For TV, they added visual gimmicks to the program. When a contestant chose the category to compete in, a lovely young lady pushed the start button on an IBM card sorter—at that time the most decorative aspect of computer technology. The machine whirred and shuffled. The lovely assistant scooped up a deck of IBM cards from the end of the sorter and delivered the deck to Hal March.
It seemed that an all-knowing machine, the computer, had spun out a graduated series of questions on the spur of the moment. A modern marvel!
There was another gimmick: Once a contestant reached the $8,000 level, he or she was sequestered in an “isolation booth,” able to hear only the quizmaster. It was show biz, folks.
The show spawned imitators: The $64,000 Challenge, Twenty-One, The Big Surprise, Dotto, and Tic-Tac-Dough—all quiz shows with tough questions and high stakes. We TV watchers could not get enough of shows like that. They made instant heroes of brainy people nobody had heard of before. People like eleven-year-old science wizard Rob Strom; polymath Teddy Nadler, a St. Louis stock clerk who made $264,000 answering questions across a broad range of categories; and everybody’s favorite, psychologist Joyce Brothers, a demure young blonde with an uncanny knowledge of boxing. All us regular folks out in TV-land were deeply impressed.
What’s an Answer Worth?
Then, in August 1958, CBS cancelled Dotto without explanation. A federal probe revealed a contestant had been given answers in advance. The G-men expanded their inquiries and found hanky-panky going on in several shows. The bloom was off the rose for big-money game shows. They all went off the air that fall and did not return until forty years later (Who Wants To Be a Millionaire?, 1998).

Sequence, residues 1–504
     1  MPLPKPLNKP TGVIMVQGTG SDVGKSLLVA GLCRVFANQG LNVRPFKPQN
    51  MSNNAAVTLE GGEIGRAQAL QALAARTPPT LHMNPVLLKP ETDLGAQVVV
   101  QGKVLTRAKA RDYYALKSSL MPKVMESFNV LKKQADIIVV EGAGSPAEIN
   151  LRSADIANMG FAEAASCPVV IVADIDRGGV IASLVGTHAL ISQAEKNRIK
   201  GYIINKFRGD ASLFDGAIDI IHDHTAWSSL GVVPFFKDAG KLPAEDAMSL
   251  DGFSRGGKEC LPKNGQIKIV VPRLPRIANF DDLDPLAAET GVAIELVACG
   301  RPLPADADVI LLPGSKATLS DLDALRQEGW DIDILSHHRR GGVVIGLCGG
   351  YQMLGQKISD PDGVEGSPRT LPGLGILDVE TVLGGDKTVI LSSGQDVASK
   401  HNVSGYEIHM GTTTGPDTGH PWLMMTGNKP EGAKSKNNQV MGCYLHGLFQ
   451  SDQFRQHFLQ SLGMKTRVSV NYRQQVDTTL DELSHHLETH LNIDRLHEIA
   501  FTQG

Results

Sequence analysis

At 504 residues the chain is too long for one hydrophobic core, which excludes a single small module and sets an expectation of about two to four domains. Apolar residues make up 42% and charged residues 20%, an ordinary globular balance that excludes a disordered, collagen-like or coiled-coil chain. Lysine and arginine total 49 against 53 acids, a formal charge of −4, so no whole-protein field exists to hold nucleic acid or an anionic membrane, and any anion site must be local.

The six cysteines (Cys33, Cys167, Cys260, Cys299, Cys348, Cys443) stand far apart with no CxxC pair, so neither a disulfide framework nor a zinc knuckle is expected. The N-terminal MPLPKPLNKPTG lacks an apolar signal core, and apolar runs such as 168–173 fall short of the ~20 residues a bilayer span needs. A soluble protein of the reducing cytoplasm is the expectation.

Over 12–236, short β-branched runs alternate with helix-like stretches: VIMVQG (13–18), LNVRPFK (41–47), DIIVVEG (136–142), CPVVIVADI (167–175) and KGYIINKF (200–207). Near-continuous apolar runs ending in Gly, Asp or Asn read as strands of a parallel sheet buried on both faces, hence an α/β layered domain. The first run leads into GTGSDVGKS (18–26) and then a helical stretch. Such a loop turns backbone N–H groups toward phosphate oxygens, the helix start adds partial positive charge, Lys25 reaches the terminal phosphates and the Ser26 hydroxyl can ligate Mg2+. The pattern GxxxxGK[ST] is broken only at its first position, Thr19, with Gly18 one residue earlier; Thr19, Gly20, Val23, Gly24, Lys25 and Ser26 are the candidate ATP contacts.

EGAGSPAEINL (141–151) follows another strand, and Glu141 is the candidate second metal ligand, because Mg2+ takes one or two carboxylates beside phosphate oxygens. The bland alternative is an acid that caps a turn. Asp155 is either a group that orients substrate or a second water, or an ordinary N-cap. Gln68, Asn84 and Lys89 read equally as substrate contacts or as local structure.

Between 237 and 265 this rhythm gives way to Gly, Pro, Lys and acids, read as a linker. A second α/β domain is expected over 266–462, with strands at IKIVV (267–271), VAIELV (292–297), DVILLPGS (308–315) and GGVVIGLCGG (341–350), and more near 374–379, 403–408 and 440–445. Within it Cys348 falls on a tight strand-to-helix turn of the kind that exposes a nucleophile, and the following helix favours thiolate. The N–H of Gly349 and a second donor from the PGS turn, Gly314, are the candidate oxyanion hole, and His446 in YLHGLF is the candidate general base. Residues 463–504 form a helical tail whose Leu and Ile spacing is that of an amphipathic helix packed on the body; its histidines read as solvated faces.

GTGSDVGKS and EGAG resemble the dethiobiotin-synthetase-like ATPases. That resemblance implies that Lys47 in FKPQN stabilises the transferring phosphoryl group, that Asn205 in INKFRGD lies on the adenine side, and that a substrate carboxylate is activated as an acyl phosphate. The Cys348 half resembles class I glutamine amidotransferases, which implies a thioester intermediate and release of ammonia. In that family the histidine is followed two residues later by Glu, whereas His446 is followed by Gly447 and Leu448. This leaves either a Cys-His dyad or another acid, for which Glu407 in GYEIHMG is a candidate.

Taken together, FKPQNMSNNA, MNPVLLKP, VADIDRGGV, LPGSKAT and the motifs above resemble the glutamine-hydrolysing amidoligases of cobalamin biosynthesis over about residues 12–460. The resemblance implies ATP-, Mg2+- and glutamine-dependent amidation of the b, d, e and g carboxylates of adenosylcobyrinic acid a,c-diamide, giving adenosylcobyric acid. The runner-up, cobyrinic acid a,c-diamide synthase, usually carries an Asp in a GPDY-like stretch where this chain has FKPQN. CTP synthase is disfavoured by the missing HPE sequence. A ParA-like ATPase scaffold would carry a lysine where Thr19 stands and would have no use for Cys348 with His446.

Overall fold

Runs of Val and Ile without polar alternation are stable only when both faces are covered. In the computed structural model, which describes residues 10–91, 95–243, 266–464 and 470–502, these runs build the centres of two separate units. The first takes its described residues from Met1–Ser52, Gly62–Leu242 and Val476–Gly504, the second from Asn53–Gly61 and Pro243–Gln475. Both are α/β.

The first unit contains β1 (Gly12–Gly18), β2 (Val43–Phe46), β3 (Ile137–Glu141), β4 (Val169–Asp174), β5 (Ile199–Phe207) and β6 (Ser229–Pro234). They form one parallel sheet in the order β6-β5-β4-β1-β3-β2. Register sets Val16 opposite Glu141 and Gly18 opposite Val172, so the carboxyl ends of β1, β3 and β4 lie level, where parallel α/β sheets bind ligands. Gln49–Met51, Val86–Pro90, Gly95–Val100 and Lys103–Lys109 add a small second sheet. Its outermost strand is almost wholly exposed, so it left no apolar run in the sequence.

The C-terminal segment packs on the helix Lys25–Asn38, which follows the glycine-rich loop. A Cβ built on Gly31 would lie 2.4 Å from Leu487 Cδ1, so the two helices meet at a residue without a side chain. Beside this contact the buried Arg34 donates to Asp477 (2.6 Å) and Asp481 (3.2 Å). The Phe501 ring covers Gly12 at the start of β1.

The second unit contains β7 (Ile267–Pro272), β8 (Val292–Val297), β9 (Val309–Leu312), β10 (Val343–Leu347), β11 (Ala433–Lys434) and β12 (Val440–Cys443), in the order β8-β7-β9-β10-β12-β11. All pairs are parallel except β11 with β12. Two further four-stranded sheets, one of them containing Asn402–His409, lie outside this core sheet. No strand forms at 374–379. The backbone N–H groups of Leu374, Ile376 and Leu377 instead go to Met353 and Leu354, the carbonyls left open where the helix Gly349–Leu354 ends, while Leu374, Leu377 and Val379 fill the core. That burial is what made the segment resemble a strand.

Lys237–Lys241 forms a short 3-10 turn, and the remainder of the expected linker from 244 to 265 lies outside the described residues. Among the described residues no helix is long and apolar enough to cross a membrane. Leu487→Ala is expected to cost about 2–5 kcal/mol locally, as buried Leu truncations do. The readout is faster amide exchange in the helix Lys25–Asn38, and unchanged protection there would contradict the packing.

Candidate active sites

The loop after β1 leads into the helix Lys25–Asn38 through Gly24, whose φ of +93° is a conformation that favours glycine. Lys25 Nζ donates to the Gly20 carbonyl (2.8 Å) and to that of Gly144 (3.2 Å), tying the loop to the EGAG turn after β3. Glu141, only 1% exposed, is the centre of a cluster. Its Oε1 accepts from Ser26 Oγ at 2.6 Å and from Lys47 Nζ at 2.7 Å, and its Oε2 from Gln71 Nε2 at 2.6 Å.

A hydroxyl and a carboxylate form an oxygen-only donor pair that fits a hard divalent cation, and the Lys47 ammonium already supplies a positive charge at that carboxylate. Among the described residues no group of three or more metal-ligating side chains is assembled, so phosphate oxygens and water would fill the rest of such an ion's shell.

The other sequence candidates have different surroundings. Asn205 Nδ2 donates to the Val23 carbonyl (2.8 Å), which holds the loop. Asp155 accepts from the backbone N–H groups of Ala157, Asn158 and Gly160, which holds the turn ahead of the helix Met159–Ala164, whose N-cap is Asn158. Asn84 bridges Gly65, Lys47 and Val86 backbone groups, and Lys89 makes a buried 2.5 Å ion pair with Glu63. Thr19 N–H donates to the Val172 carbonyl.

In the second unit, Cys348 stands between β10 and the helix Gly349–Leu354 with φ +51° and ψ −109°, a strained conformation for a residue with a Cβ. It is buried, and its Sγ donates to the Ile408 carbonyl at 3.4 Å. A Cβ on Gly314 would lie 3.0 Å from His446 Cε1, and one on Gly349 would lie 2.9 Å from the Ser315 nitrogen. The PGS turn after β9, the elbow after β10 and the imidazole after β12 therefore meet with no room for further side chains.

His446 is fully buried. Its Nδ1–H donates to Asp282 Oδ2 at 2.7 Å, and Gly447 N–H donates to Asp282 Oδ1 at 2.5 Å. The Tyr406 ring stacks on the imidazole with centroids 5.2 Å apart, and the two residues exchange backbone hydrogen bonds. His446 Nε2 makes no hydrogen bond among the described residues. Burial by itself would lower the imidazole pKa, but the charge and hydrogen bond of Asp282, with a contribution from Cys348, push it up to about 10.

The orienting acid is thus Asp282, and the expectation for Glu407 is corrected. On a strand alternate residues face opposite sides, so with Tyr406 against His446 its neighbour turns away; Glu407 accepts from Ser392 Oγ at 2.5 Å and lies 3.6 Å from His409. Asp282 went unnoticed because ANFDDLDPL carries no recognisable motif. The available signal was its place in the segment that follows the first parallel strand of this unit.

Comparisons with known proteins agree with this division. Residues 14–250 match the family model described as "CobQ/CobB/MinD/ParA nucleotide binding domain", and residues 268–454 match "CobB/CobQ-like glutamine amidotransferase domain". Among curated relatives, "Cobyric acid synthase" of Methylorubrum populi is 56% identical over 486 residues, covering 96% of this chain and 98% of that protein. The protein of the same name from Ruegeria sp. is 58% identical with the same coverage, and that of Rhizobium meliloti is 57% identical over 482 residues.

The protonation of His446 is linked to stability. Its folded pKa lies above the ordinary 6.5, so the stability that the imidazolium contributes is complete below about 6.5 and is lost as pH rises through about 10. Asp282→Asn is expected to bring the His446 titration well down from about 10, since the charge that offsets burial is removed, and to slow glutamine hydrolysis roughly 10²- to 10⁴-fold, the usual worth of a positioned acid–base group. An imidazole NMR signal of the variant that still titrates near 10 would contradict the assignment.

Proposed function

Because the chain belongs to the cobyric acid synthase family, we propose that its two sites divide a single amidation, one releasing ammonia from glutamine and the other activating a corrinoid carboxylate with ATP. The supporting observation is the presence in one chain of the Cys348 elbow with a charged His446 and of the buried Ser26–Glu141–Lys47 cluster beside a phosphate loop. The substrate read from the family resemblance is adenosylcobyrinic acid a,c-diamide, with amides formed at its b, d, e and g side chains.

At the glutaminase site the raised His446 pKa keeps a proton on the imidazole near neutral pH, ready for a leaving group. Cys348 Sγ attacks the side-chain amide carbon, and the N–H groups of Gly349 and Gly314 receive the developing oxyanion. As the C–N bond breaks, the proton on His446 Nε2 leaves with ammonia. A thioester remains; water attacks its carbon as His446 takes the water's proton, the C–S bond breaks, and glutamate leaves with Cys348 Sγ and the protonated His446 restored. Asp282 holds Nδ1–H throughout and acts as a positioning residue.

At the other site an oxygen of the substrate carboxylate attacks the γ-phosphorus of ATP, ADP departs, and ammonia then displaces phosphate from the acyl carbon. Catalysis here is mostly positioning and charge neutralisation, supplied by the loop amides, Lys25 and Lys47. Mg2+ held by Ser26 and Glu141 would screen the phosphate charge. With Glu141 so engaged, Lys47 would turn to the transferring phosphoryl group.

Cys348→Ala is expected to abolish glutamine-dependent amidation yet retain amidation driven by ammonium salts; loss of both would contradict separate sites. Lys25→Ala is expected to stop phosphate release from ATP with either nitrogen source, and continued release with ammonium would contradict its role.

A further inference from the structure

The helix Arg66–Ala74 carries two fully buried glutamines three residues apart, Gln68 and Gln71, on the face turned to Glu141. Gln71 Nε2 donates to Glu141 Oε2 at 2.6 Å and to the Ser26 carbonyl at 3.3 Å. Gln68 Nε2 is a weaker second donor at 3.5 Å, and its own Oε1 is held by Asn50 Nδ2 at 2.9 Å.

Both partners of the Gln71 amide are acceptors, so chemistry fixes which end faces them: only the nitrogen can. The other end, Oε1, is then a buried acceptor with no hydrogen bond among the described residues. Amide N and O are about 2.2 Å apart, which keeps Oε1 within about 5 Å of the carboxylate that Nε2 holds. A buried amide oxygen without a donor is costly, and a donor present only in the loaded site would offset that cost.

Soon after, in 1959, the U.S. Congress launched grim hearings exposing “payola.” The Congressmen were shocked, shocked!, to learn that record companies were paying radio disc jockeys to plug their records, manufacturing smash hits by the simple expedient of playing them more often than other records. This actually might have been legal had the source of funding been disclosed; but it was not.
The quiz show scandals, followed soon by the payola scandals, were a one-two punch to the solar plexis and jaw of Middle America. Perhaps not since the Black Sox scandal of 1919 has the American public been so let down. (“Say it ain’t so, Joe!”)
It was hard to know exactly how we’d been cheated. The quiz shows, after all, were entertainment. Seeing all these smart people answer tough questions was engrossing and entertaining, even it it was rigged. After all, for years we’d been watching professional wrestling, which everybody knew was rigged. We liked it anyway.
Likewise, the smash hits produced by the payola system were great songs. We still play them on the oldies stations today. Did anybody really care how they made their way onto the air?
Still, there was something unsettling about unseen people manipulating contests we had no reason to think were not on the square. Our stubborn innocence was under attack.
I’m not sure it has ever recovered.
A Ray of Hope
Fortunately for all of us, Jack Benny remained steadfastly on the air, first on radio, then TV.
Be sure to tune in next week.
Larry F. Sommers
Your New Favorite Writer
Author of Price of Passage—A Tale of Immigration and Liberation.
Price of Passage
Norwegian Farmers and Fugitive Slaves in Pre-Civil War Illinois
(History is not what you thought!)